The White Ribbon Project: The Fight Against Lung Cancer Stigma

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The White Ribbon Project: The Fight Against Lung Cancer Stigma

Patient Liz Dagrossa shows off white ribbons with nurse Christopher Jennings (left) and medical oncologist Gregory Riely (bottom right). Community-built ribbons (top right) are ready for White Ribbon Project conference attendees.

It would be hard to miss the pink ribbons that are scattered across neighborhoods in October for breast cancer awareness, or the light blue ribbons in September for prostate cancer. Now, there is a national movement to spread white ribbons everywhere in November to promote lung cancer awareness.

More attention and understanding of this disease are critically important, say advocates: Lung cancer is the number one cancer killer, yet it receives a fraction of the funding of other cancers. Liz Dagrossa, a patient currently being treated at Memorial Sloan Kettering Cancer Center, says there is a stigma and a lack of compassion toward people like her.

The White Ribbon Project

One fall day in 2020, Liz saw a Facebook post about a new organization called The White Ribbon Project, whose goal is to spread awareness and change the thinking about lung cancer. The project encourages people to proudly display white ribbons. “The message is that anyone with lungs can get lung cancer,” says Liz. “Whether you are a person who currently, formerly, or never smoked cigarettes, patients diagnosed with lung cancer deserve the same care, compassion, and treatment.”

Liz contacted the project’s founder, Heidi Onda, immediately to see how she could get involved.

Patients can experience guilt or shame, and can even feel as if they are “being chastised” by others after they receive a lung cancer diagnosis, says Liz. “There aren’t a lot of lung cancer patients that will state they have lung cancer, unless directly asked,” she explains.

Liz quit smoking more than 15 years before her diagnosis. Yet, when speaking to others about her cancer, she was almost always questioned about her smoking status and felt the need to defend herself by making it clear she doesn’t smoke. She believes the fact that so many lung cancer patients are asked that question points to the lack of awareness and education surrounding the disease.

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Change Is Happening

MSK has long been involved in the work to decrease the stigma around lung cancer, including active participation in the National Lung Cancer Roundtable, an American Cancer Society–sponsored organization dedicated to improving outcomes for people affected by lung cancer. MSK psychologist Jamie Ostroff, who also serves on the Steering Committee of the Roundtable, and behavioral scientist Smita Banerjee were recently awarded a grant by the National Cancer Institute to train oncology care providers in the United States on how to reduce lung cancer stigma in patient-provider interactions, as well as in Nigeria to test if the training can be effective globally.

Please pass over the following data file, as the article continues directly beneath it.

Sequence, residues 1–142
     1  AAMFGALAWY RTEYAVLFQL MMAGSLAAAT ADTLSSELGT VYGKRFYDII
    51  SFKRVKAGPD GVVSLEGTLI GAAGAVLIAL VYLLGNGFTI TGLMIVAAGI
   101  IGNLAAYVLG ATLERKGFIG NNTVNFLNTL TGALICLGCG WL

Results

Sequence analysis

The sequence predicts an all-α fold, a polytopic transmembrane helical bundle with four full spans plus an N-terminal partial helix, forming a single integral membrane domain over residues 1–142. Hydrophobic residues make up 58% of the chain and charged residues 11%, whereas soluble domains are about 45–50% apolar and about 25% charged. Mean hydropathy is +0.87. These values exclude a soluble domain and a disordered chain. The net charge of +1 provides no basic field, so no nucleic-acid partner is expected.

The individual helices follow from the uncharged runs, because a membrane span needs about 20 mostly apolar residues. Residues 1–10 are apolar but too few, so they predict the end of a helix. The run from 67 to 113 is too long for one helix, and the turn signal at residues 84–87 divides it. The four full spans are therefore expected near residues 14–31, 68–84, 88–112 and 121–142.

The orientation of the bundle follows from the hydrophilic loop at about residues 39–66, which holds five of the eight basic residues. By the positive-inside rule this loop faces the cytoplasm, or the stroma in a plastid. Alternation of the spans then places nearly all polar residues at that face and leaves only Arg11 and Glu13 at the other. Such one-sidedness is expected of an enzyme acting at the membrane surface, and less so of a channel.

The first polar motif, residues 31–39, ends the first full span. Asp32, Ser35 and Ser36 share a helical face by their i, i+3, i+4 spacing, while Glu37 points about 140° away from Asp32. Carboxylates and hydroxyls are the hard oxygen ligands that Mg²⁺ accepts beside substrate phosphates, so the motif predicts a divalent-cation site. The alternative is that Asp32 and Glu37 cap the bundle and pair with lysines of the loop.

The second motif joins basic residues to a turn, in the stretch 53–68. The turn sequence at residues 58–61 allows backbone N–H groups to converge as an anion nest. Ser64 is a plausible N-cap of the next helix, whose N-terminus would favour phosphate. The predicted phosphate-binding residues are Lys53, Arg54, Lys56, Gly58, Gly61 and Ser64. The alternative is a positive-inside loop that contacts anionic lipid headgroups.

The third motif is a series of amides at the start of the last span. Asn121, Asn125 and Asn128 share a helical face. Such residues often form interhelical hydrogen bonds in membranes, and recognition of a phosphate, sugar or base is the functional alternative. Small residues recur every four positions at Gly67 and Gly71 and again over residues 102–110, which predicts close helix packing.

The unfortunate reality is that healthcare providers themselves can unintentionally perpetuate the stigma when conducting assessments of tobacco use.

“We focus mainly on training providers on how to take a smoking-related history in a way that is empathic and nonjudgmental,” Dr. Ostroff says. “The stigma contributes to people’s reluctance to undergo lung cancer screening tests and enroll in clinical trials. People may even avoid seeking care for symptoms.”

Dr. Ostroff says that the stigma around lung cancer is a result of the historically poor prognosis and its close association with smoking. While smoking remains the leading preventable cause of lung cancer, there are also 13 other cancers smoking can cause. Yet lung cancer is stuck with the stigma.

The prognosis for lung cancer patients is improving greatly. Now there are tools for early detection and more lung cancer survivors than ever before. Researchers tracked a 41% decline in lung cancer–related deaths from 1991 to 2018.

Eliminating the stigma will save even more lives by empowering people to speak up and get help, says Dr. Ostroff. “We’re at a very exciting juncture whereby we’re moving from describing and understanding lung cancer stigma to actually doing something about it,” Dr. Ostroff says.

The White Ribbon Project

Behavioral scientist Smita Banerjee (left) and clinical health psychologist Jamie Ostroff (right) hold white ribbons at their October 8, 2021, conference.

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Banding Together

After receiving their grant, Drs. Ostroff and Banerjee held a conference this past October to present their empathic communication skills training module to a group of physicians, researchers, nurse practitioners, patient advocates, and members of MSK staff. To reinforce the message of lung cancer awareness, Liz held what The White Ribbon Project calls a “build” to create luminous white ribbons for each conference attendee.

These builds are at the heart of The White Ribbon Project; the act of creating the ribbons also creates community. Liz made ribbons for the MSK conference in her backyard with her family group. “It just felt good to watch them work on it together — everyone was happy. I could just feel the love,” she says.

Moving from feeling isolated to having a community focused on a common mission has been a powerful affirmation, says Liz. She notes that she has a growing circle of friends she has never met face-to-face, but they share a bond.

“That feeling is just incredible,” she says. “Change happens when the people stand up and make noise.” Dr. Ostroff adds, “My white ribbon inspires me to do my best work to support patients and families affected by lung cancer.”

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